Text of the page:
Flashboard type risers can be full-round pipe risers or half-round pipe risers. make the older system inoperable or incorporate its operation into the new system to avoid undesirable interactions between the two systems. managing a drain on one field can have an adverse impact on operations of adjoining properties. The full-round risers are used when the control structure is located within the field. or by a combination of surface and subsurface components. It may be more convenient to remove these boards with a chainsaw and replace them with new flashboards. Drainage water management can be applied on drained fields where outflows from the drains can be controlled. It has been a common practice to make the length of the weir a minimum of 1.7 times the diameter of the drain in circular risers. Agricultural Drainage Management Systems Task Force October 2003 Page 2 of 4 . Even where drainage water management is not a goal for new systems. Gate or valve structures are sometimes automated. while half-round risers are used at the outlet. and a raised water table when the gate is closed. Structures should be located on main lines that serve a number of laterals in order to minimize the total number of structures required. but some systems with random drains can also achieve benefits. The riser should be large enough to maintain the cross-sectional area of flow from the drain and the length of the flashboard should compensate for the transition from pipe flow to weir flow. A way to minimize the number of water management structures is to install the drains along the contour. The drainage conduit should be non-perforated within 20 feet of a control structure. gates. Non-uniform water table depths can lead to non-uniform crop growth that complicates management decisions. As the slope increases. Management of drainage water is most effective on systems with pattern drainage. Water management structures that are not automated must be easily accessible and clearly visible for safety purposes so they are not damaged during field operations.Where to Apply the Practice Agricultural drainage is accomplished by a system of surface ditches.5’ change in elevation along the drainage ditch or conduit. Providing the materials are resistant to damage from ultraviolet light. or may be used in such a way that there is a low water table when the gate is opened. Gates or valves can be used to temporally stop the flow through the drain. and pipes. Some older systems and many newer systems can be adapted to allow for the management of drainage water. Flashboards made of wood can swell when wet and become difficult to remove. Small amounts of seepage at the control structure are usually not a problem. Drainage systems collect and convey water from fields. or where they may be damaged by freezing of water surrounding the riser. subsurface conduits. The topography should be relatively uniform. If the existing drainage system needs extensive repair or is otherwise not functioning properly it may be necessary to install a new drainage system. Water Management Structures Retro-fitting an existing subsurface drainage system involves the installation of water management structures. the impacts of ADMS should be evaluated with respect to adjoining fields. When replacing an older drainage system with a new system. and flat to gently sloping within a management unit or zone. Some agricultural drainage systems are part of a network involving multiple landowners. Even without interconnected drainage systems. Water management structures should be placed every 1’ to 1. It is important to size the riser large enough for the easy removal and placement of flash boards. Slopes of 1% or less are recommended. valves. consider planning for future conversion to a managed system. Flash board risers allow flexibility in manual management of the drainage water.3 times the diameter of the drain in rectangular risers and 1. In such situations. The management mechanism on the structures may be flash boards. more water management structures are required and economic factors and erosion concerns begin to detract from the benefits of the ADMS. plastic risers are acceptable except where there is danger of fire. risers.

leading to increased erosion. sediment transport and transport of sediment-adsorbed phosphorous. and proportionally decreases the transport of nitrates and soluble phosphorous from the field. there are some basic strategies that can be employed to greatly improve the functionality and benefits of the system. soil. Raising the water table during the non-growing season can result in a 30% reduction in the discharge of nitrates. crop. A Basic Recommended Strategy A drainage system infrastructure that enables the operator to manage the water table provides an opportunity to take advantage of the benefits of both high and low water tables. Nitrates and soluble phosphorous move with the drainage water and are transported to the drainage outlets. A high water table in the winter months will decrease the transport of nitrates and soluble phosphorus to surface waters. and other conservation practices. Nutrient management applied in conjunction with drainage management can help maximize the effectiveness of both practices. Raising the water table can also increase the amount of surface runoff. The aerobic conditions created in drained soils decrease the occurrence of denitrification. The water table should be lowered in the spring early enough for the field to be accessible for seedbed preparation. and can extend the growing season by allowing earlier access to the field. Lowering the water table two weeks before field operations in the spring is generally sufficient. Erosion and sediment transport can be controlled with residue management. Anaerobic conditions created in saturated soils increases the occurrence of denitrification. buffers. As with many other practices. Careful attention to drainage water management for water conservation may increase yields. more intensive and careful management creates a potential for achieving greater advantages from the system. particularly in dry years. In absence of a detailed analysis. A lower water table also reduces the frequency and magnitude of surface runoff. and the transport of sediment-adsorbed phosphorus. Partially raising the water table after crops are established can conserve soil moisture and may enable a crop to be more productive in the years where there is an extended dry period during the growing season. Once the crop is established. A lower water table results in aerobic soil conditions and an increased depth of the root zone. Lowering the water table increases the amount of water passing through the soil. evapotranspiration will often be sufficient to remove excess water from the root zone. Nutrient management practices should follow state and local recommendations and NRCS practice standards. Deciding when to raise or lower a water table can be a difficult decision. and thereby reduces the erosion potential. With a low water table. In addition to drainage water management. further reducing nitrate-nitrogen in the drainage water Lowering the water table improves field trafficability and timeliness of crop management operations such as field preparation. but reductions of 50% or greater have often been accomplished. sediment transport. It may be necessary to lower the water table during extended wet periods. and nutrient management should be a part of a plan to improve water quality in agricultural areas. and other field operations. and harvesting. particularly when rainfall is uncertain. Raising the water table decreases the amount of water passing through the soil. the water table can be raised to conserve soil moisture for use by the crop during extended dry periods. planting. After planting. grassed waterways. phosphorous and sediment to surface waters and on crop production. planting. ponding is less likely to occur or to be sustained when it does occur. Agricultural Drainage Management Systems Task Force October 2003 Page 3 of 4 .Impacts of Drainage Water Management Drainage water management can have a significant impact on the transport of nitrogen.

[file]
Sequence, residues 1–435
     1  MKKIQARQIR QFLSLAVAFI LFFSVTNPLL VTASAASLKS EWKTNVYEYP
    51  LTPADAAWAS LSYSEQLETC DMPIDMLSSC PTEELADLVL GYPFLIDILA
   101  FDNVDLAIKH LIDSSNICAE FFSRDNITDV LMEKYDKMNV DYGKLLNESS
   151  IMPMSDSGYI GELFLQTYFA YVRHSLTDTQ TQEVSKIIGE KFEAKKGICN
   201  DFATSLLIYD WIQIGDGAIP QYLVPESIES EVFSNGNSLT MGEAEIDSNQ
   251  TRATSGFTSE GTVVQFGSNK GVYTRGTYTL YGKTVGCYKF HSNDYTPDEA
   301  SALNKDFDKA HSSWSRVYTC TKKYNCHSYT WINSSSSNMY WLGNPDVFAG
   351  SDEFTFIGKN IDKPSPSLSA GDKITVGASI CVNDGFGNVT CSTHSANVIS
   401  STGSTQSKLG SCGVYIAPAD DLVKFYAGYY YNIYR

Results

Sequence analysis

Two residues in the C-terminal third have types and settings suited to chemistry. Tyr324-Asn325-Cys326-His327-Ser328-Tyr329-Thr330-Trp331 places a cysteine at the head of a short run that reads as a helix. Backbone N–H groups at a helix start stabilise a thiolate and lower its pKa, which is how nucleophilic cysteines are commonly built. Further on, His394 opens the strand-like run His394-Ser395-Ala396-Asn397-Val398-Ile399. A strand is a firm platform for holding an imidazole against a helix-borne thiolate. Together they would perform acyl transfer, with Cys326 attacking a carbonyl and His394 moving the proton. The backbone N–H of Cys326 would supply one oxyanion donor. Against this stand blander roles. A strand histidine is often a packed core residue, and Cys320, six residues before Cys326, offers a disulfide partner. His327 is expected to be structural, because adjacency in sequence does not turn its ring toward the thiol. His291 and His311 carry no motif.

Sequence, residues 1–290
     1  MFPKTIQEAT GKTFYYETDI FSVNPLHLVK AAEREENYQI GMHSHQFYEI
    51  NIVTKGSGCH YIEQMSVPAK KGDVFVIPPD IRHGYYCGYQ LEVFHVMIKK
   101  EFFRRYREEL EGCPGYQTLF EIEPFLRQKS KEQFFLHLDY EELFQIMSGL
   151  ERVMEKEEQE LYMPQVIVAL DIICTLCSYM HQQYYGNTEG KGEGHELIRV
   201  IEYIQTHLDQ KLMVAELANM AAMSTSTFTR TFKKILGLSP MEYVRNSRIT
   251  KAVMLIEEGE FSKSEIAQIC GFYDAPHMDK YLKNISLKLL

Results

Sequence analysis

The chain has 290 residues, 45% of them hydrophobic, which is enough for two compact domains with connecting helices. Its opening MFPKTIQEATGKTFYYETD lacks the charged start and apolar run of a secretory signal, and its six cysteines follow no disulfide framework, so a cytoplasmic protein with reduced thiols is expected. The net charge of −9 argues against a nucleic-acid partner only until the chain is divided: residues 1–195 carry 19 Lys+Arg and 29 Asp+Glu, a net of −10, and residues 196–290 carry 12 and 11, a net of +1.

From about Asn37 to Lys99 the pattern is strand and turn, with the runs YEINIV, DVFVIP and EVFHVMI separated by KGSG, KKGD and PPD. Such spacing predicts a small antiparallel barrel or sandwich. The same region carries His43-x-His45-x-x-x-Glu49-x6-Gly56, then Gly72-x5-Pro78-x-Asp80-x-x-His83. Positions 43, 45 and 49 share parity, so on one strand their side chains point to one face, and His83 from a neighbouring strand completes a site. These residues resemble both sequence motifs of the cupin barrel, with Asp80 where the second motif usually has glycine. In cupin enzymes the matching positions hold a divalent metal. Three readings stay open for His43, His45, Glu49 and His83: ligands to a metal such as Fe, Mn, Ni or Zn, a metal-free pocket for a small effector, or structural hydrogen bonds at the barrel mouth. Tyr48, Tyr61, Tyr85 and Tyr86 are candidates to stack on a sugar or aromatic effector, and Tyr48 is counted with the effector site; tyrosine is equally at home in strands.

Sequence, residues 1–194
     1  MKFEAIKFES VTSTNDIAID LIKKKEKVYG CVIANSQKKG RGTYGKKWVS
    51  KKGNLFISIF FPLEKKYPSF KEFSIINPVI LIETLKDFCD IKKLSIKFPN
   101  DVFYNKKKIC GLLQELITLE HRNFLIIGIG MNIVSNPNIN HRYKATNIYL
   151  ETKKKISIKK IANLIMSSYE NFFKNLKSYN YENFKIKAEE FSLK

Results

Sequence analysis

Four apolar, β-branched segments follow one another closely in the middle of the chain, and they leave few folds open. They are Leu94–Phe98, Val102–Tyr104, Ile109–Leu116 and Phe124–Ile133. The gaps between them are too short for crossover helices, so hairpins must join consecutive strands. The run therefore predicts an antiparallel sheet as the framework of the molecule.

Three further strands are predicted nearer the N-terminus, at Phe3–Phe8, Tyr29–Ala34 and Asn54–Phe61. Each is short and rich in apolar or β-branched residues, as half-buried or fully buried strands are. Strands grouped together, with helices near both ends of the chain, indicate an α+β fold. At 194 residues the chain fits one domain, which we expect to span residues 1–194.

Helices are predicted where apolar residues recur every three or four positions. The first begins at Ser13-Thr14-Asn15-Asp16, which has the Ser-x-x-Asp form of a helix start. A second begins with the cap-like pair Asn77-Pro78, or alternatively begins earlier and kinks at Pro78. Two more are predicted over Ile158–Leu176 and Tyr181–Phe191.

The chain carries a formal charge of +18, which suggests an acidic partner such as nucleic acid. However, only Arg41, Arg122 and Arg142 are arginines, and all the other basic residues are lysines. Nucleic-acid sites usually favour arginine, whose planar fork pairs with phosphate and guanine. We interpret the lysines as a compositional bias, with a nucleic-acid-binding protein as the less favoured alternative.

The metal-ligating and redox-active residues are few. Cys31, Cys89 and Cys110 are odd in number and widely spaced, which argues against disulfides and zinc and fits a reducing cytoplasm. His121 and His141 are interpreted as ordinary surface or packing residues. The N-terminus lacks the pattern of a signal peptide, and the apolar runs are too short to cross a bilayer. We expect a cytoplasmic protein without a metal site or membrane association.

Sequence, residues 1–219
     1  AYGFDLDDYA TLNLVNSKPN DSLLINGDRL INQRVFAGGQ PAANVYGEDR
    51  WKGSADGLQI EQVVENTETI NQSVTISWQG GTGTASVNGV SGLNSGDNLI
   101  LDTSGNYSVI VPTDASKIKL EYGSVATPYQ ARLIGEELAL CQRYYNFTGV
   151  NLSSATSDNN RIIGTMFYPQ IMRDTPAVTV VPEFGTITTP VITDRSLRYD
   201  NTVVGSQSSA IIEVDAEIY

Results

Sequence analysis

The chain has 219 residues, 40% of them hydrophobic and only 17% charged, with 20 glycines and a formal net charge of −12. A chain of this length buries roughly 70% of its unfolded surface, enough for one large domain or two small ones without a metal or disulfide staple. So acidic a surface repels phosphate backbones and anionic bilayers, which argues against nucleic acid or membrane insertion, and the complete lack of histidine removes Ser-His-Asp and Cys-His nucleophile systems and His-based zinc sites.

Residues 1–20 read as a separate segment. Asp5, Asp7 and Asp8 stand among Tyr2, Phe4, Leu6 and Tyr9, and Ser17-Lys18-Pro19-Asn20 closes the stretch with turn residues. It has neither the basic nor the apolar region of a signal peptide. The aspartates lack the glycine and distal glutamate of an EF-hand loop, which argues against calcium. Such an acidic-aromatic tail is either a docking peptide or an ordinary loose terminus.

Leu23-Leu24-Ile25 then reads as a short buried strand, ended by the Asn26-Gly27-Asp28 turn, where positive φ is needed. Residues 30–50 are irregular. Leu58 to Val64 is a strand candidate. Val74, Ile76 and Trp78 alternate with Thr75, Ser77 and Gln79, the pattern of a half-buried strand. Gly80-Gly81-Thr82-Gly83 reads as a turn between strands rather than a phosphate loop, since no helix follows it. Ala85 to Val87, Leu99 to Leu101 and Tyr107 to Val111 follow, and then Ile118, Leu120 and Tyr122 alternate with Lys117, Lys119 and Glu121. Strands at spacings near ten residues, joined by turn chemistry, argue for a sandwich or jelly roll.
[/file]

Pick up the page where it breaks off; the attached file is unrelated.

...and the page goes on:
The top of the riser and the measuring rod should be higher than the anticipated crop height during the monitoring periods. It may not be necessary to maintain the monitoring wells once the relationship between the water table elevation in the field and the depth of water in the control structure is understood. In colder climates the monitoring wells may not function over the winter months due to freezing. Monitoring wells can be located near the edge of the field. but for more representative readings. Agricultural Drainage Management Systems Task Force October 2003 Page 4 of 4 . When they are located in the field they need to be clearly marked and protected from damage by farming operations and livestock. Monitoring wells placed between drain lines are more representative of the entire field than those placed directly over a drain line. where they are easier to monitor and where they are protected from agricultural equipment. A monitoring well can consist of a perforated PVC pipe that extends below the water table with a measuring rod attached to a float. they should be located farther within the field. but in many instances it is better to monitor the water table by establishing monitoring wells in the field.Field Scale Monitoring Monitoring of water table elevations can be accomplished by observing water depths in the water management structures. Other methods for reading water depths include a chalked tape or a string and bobber.